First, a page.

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My sir told me that Total energy of system = K.E + P.E in starting.

Then Change in energy = F(External force on body ) * displacement of walls.

Then from here , change in energy = W+q. (Don’t understand how we reached till here )

This change in energy is also called change in internal energy. Then it should be equal to Kinetic + potential energy of the molecules inside the system that we are considering .

Q1 is that if it is equal to kinetic + potential energy, then in case of ideal gases.P.E = 0.So K.E will be equal to change in energy $\delta U$.

Q2 is that if it change in energy , then it should be change in kinetic energy as well right.

Ok then my sir also tells me that when a reaction happens in non ideal gas scenario , example of 1mole N2 + 3 mole H2 = 2mole NH3.Now my sir says , there will be a lot of potential energy here.So we can’t use the formula kinetic energy = q+w here.

When Na(s) in converted to Na(g) we consider , delta H of sublimation of Na and then potential energy change I.e internal energy change = Na+(g) + e. Is this internal energy change $\delta U$.

All these doubts arrived from this question.enter image description here

Because here they ask for internal energy change , so does it mean that it is $\delta H_1$ + $\delta H_2$ + Internal energy of 1 + internal energy of 2.

I am sorry if this in not written in good manner but am so much in tension right now that I just gave out everything I knew

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  • $\begingroup$ you should focus on one general question instead and be precise $\endgroup$ – user99515 Dec 21 '20 at 12:57
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    $\begingroup$ Change of energy is not simply F*displacement of the wall, as you write. This formula gives only the work entering or getting out of the system. This work increases the internal energy. But it is not the only way of increasing the internal energy. Heat (or heat transfer) is another way of increasing the internal energy. And of course changing the chemical nature of the substances present in the container is third way of changing the internal energy. What is Q1 and Q2 in your question ? $\endgroup$ – Maurice Dec 21 '20 at 13:04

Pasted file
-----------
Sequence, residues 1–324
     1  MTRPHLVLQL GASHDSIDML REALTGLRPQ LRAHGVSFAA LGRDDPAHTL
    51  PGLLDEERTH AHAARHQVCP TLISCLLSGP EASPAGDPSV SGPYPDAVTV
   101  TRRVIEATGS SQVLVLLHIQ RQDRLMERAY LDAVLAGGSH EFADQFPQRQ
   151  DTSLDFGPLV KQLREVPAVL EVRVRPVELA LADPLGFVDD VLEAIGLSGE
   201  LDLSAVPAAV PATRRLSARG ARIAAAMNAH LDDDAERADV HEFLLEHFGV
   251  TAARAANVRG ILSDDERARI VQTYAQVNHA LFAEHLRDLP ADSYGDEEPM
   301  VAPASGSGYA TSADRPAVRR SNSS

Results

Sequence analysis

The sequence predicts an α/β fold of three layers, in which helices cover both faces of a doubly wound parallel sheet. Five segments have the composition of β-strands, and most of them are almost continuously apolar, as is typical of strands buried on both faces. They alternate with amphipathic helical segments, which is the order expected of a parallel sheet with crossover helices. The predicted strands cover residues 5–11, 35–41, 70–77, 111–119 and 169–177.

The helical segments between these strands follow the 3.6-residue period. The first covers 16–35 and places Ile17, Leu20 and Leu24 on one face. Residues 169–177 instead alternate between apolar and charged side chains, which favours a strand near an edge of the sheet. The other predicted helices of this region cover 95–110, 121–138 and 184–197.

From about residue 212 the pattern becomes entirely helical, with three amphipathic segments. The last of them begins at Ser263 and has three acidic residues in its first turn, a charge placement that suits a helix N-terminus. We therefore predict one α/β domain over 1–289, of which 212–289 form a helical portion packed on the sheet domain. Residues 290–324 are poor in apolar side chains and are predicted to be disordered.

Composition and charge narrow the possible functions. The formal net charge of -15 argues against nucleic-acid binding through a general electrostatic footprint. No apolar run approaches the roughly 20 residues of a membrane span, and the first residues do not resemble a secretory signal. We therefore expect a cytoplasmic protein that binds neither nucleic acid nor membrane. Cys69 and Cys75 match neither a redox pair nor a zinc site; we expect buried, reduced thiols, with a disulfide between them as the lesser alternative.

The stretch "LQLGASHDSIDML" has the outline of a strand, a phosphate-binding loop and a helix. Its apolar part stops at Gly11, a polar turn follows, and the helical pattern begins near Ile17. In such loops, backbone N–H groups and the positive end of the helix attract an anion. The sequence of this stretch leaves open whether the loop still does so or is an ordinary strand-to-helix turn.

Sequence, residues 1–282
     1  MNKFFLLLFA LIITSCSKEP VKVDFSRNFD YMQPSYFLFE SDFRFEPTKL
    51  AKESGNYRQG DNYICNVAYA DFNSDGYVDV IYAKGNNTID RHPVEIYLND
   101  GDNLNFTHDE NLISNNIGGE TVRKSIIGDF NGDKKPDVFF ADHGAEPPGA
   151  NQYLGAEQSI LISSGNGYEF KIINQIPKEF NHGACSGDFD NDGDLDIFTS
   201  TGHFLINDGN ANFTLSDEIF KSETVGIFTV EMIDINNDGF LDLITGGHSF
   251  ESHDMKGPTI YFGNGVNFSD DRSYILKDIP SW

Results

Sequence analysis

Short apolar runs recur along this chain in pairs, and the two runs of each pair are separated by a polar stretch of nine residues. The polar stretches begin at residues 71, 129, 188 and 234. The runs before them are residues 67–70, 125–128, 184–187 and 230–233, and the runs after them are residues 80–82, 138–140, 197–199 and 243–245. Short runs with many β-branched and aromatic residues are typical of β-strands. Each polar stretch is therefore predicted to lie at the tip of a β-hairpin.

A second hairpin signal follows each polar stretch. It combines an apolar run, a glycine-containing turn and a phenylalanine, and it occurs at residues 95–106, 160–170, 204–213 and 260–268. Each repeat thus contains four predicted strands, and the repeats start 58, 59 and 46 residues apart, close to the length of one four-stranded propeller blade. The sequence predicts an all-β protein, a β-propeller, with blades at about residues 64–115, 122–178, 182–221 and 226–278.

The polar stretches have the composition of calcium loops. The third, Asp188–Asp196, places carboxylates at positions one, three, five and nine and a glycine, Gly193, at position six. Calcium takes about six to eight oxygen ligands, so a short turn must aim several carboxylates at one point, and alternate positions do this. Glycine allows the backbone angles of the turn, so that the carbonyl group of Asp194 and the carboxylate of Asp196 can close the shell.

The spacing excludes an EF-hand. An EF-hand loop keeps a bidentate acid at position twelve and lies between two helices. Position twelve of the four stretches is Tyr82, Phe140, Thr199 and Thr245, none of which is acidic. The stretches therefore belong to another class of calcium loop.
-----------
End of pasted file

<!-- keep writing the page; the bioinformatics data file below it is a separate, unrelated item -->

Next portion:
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    $\begingroup$ See Wikipedia - Internal energy changes and Enthalpy. Why to write again, what has been written about many times ? $\endgroup$ – Poutnik Dec 21 '20 at 14:20
  • $\begingroup$ See also Wikipedia - First law of thermodynamics and hyperphysics - First law of thermodynamics. The latter site provies a set of easy, cheat-sheet-like format of short simple pages. $\endgroup$ – Poutnik Dec 21 '20 at 14:55
  • $\begingroup$ @Poutnik Can we say enthalpy change as heat transfer when pressure is constant but not volume.? $\endgroup$ – srijan Sri Dec 21 '20 at 17:09
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I'm glad that you have got good concepts but the problem is you're unable to connect the discontinuous dots. See, in order to answer your first two questions I would like to bring attention towards the difference of microscopic energy (energy possesed by the molecules present inside the system) and macroscopic energy (energy you get to see in the system). As a example, a cup of coffee is placed over ground all will say it has zero K.E and 0 P.E. But the molecules present inside the system posses both K.E and P.E. You are right with the fact that change in internal energy for ideal gas means change in K.E but the change in K.E means, difference between the total K.E(summation of K.E of every molecules present in the system) of the sytem before and after the action. In case of non ideal gas, here both P.E and K.E both will contribute. In case of sublimation of Na, here solid is changing to gas you can't neglect volume change also you have to keep it in mind that change in enthalpy is equal to change in internal energy if the PV-work is zero and the process is isobaric.

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  • $\begingroup$ Am I right with the Na part I wrote as a whole. $\endgroup$ – srijan Sri Dec 21 '20 at 16:35
  • $\begingroup$ No, you can't consider enthalpy of sublimation with internal energy without proper condition is provided. $\endgroup$ – Summit Dec 21 '20 at 17:21

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